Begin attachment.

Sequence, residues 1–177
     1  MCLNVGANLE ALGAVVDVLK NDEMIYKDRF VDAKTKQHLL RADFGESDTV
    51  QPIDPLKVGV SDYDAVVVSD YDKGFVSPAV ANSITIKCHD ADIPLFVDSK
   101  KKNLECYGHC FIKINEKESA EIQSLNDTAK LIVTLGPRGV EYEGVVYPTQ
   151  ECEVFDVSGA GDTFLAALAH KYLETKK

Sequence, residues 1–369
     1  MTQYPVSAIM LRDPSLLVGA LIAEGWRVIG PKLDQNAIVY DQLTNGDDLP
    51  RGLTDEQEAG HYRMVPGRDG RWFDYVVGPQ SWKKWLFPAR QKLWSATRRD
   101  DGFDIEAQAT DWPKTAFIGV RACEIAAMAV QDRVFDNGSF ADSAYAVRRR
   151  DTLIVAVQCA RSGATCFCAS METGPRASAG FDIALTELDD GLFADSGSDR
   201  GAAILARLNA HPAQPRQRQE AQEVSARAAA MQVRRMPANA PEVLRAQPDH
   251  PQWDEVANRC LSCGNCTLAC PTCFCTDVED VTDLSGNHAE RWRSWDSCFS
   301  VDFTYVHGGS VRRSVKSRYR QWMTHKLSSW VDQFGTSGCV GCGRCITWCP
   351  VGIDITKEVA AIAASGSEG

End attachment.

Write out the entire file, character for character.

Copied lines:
Sequence, residues 1–177
     1  MCLNVGANLE ALGAVVDVLK NDEMIYKDRF VDAKTKQHLL RADFGESDTV
    51  QPIDPLKVGV SDYDAVVVSD YDKGFVSPAV ANSITIKCHD ADIPLFVDSK
   101  KKNLECYGHC FIKINEKESA EIQSLNDTAK LIVTLGPRGV EYEGVVYPTQ
   151  ECEVFDVSGA GDTFLAALAH KYLETKK

Sequence, residues 1–369
     1  MTQYPVSAIM LRDPSLLVGA LIAEGWRVIG PKLDQNAIVY DQLTNGDDLP
    51  RGLTDEQEAG HYRMVPGRDG RWFDYVVGPQ SWKKWLFPAR QKLWSATRRD
   101  DGFDIEAQAT DWPKTAFIGV RACEIAAMAV QDRVFDNGSF ADSAYAVRRR
   151  DTLIVAVQCA RSGATCFCAS METGPRASAG FDIALTELDD GLFADSGSDR
   201  GAAILARLNA HPAQPRQRQE AQEVSARAAA MQVRRMPANA PEVLRAQPDH
   251  PQWDEVANRC LSCGNCTLAC PTCFCTDVED VTDLSGNHAE RWRSWDSCFS
   301  VDFTYVHGGS VRRSVKSRYR QWMTHKLSSW VDQFGTSGCV GCGRCITWCP
   351  VGIDITKEVA AIAASGSEG